The next location in Juliana’s non-pub crawl is a set of stairs at Wyatt’s place, where she continues cuddling his flask, until Lem knocks on the door. She tells Lem that she needs to see Hawthorne to deliver some important intel. Lem immediately decides that he should deliver it himself instead. Lem is as dismissive and condescending to her as ever, with an added splash of possessiveness over Hawthorne, which does not look good on him. He may think he’s the one in the loop, but if he doesn’t know how important she is by now, he’s not in the loop at all.
Old Resistance. Worse. Than. Useless. Actually. Detrimental. To. The. Cause.
Luckily, Wyatt comes home just as Lem’s about to wrestle the intel away from Juliana so that he can be the special one again. He brings the news that the SD and the Yakuza are looking for her, so it’s about time she was honest with him about what’s going on. Juliana says that she needs to see the Man in the High Castle. Judging from the way he looks at Juliana and Lem, Wyatt either thinks he’s a myth or that no one gets to see him.
Sampson brings Ed to Frank’s workspace, but asks him to wait outside while he prepares Frank. Frank is nervous and says he isn’t ready to see someone from his past. Ed comes in anyway, not giving Frank the chance to refuse, just because he’s scared. Ed cries out of happiness at being reunited with his best friend and hugs Frank. Then Ed sees the paintings and is overwhelmed again.
Kido calls Nakamura into his office to do some explaining. The jig is up.
Wyatt, Lem and Juliana drive to a record store in Cheyenne, Wyoming. Lem and Juliana go inside and ask for Hawthorne. Caroline comes out from the back. She says that Hawthorne has stepped out, so Lem and Juliana decide to wait. Caroline asks if Trudy traveled home, and gives Juliana a big hug.
Frank and Ed have a cup of tea while Frank tells Ed the story of how he painted the sunrise, and started painting again. He was lying in an old bus, recuperating from his burns. They’d run out of morphine, so he was in pain and couldn’t sleep. Suddenly, he felt warm, and the pain left for a couple of minutes. When he opened his eyes, the sun had just risen. He felt euphoric and painted it as soon as he could move again.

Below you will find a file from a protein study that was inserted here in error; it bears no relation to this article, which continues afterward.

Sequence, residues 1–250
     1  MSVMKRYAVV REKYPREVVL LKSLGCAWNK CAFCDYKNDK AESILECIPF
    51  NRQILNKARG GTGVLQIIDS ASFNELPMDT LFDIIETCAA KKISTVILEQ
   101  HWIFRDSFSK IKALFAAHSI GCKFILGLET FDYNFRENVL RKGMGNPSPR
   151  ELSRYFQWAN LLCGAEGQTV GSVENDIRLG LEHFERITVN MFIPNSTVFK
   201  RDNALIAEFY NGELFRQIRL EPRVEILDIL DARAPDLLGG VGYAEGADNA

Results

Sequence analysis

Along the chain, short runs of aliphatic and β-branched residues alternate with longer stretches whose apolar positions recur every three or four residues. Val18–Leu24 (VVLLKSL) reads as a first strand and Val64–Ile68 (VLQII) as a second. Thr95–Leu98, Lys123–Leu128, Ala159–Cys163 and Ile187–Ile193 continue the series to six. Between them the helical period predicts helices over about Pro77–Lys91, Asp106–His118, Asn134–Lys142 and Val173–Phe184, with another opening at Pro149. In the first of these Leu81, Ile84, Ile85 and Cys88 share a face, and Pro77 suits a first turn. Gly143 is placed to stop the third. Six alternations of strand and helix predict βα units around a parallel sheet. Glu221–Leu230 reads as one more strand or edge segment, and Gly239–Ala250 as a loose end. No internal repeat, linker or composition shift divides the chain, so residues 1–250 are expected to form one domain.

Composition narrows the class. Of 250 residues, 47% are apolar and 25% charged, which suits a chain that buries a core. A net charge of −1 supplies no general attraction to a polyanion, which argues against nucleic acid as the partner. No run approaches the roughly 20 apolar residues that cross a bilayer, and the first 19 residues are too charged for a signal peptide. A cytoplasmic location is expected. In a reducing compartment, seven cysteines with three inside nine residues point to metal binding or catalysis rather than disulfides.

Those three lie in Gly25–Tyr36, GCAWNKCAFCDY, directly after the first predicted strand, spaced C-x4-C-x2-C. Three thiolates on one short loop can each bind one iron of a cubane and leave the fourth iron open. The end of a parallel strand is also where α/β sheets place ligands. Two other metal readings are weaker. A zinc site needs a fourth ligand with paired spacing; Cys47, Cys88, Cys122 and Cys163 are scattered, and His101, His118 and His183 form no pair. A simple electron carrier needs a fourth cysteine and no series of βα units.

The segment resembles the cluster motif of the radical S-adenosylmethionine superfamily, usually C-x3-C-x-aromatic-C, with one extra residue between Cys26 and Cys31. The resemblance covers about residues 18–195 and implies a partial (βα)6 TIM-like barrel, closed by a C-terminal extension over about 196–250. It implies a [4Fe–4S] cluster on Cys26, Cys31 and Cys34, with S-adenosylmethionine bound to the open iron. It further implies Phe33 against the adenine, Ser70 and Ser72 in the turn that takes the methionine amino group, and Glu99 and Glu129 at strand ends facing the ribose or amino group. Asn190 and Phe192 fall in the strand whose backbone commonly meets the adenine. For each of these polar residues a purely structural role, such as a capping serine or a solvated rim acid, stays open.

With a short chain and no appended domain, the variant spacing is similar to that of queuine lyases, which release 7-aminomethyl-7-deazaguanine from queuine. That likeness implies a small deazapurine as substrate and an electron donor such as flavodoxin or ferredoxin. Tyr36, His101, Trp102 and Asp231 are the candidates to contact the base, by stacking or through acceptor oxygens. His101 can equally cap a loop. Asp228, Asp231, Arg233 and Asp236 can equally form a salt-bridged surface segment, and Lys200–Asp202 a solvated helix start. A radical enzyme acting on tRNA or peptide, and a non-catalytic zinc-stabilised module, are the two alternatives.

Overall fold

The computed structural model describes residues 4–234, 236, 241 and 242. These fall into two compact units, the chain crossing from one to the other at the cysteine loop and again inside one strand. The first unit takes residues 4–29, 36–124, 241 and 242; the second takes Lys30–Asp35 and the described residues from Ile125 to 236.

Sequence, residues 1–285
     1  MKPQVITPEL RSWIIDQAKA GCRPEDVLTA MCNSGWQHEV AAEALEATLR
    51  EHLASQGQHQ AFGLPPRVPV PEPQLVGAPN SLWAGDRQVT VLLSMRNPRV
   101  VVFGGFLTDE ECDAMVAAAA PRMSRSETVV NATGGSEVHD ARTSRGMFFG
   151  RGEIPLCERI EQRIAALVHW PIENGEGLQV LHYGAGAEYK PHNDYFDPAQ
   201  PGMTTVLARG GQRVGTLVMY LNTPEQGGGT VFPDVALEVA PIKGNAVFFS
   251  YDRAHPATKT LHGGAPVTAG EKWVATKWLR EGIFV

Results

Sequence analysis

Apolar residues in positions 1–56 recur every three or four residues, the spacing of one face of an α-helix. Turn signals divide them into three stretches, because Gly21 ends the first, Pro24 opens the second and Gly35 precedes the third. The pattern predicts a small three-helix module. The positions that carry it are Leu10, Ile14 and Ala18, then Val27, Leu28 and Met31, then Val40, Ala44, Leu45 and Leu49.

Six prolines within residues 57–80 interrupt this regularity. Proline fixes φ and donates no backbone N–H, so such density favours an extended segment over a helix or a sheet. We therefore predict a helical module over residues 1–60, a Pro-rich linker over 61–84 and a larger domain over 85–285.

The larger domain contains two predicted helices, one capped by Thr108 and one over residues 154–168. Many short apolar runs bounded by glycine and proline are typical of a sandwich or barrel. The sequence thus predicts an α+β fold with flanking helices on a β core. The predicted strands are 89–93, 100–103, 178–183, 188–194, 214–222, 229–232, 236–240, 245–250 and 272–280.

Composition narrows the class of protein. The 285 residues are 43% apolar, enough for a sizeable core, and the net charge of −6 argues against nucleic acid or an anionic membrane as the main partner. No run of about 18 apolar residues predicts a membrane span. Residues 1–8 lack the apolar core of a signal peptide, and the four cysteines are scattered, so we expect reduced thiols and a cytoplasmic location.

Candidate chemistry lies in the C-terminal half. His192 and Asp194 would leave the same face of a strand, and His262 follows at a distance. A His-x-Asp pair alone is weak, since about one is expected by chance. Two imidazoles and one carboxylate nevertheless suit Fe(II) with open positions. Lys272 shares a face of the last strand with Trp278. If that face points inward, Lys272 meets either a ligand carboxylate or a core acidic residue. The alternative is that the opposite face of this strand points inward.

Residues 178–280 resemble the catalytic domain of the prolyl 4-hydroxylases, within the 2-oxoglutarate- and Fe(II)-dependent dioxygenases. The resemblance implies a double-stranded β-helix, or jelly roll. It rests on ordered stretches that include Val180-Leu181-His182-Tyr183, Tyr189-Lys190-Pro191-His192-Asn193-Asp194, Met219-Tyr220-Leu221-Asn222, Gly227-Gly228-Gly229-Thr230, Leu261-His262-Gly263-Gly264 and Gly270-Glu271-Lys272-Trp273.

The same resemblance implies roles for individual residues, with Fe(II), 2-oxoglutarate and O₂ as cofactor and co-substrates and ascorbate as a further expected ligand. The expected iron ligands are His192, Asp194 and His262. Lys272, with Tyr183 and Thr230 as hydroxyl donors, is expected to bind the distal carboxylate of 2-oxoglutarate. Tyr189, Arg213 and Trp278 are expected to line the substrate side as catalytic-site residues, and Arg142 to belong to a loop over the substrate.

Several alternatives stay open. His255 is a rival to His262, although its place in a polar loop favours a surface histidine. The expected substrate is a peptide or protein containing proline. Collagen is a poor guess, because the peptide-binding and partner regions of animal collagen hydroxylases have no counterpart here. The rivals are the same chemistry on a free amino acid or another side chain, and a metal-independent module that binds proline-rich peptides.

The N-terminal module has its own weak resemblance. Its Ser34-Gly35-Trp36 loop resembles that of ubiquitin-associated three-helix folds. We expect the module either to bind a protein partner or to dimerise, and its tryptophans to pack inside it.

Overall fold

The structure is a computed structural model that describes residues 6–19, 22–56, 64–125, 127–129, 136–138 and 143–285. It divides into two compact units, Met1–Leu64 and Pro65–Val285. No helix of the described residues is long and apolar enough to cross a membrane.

Ed always thought it was a sunset. The posters have been seen all over the West Coast, all the way down to Baja. Ed says that the painting means something to people, which is quite an accomplishment. Frank says, “I just wanted to redeem myself.” He used to think that helping the Resistance was the only thing that made sense, but it was a mistake. Ed tried to tell him. Now he’s killed people, directly with the bomb, and indirectly through the reprisals.
Ed tells Frank that not everything is his fault. He shouldn’t blame himself for the reprisals. Then it’s time for Frank to get ready for his bar mitzvah. As he’s leaving, he asks if Ed ever found Juliana. Ed says that he doesn’t know where she is.
Helen and John get dressed for John’s swearing-in ceremony. As she helps him with his jacket, Helen tells John that he looks dashing, but he doesn’t believe her. Then he says, “It’s not like other promotions, Helen. The ground isn’t solid.” Helen replies, “Well, I’m right here. I’m not going anywhere.” John says, “That’s good to know.” Then he leaves the room. There’s nothing physical between them, not even a peck on the cheek or a touch of hands.
His reply, “That’s good to know,” is chilling. Not, “I depend on you,” or “I hope so,” or “I don’t know what I’d do without you and the kids.” Just a bland, non-committal response. He’s already gone. He’s assuming he’ll lose them like he’s lost everyone else, and he’s working through the process of emotionally separating from them.
Frank’s bar mitzvah is intercut with John’s swearing-in as the American Reichsmarschall. Himmler praises John’s strength of character and unwavering loyalty to the party, but his oath of office involves swearing fealty to Himmler until his dying breath:
I swear this sacred oath that I shall render unconditional obedience to Heinrich Himmler, the Führer of the German Reich and the people, supreme commander of the armed forces, and that in my honorable duties as Reichsmarschall of North America, I vow obedience to the death.
That’s a lot of obedience for someone who’s basically second in command. No vow to serve the country, the party, or the people. Only Himmler.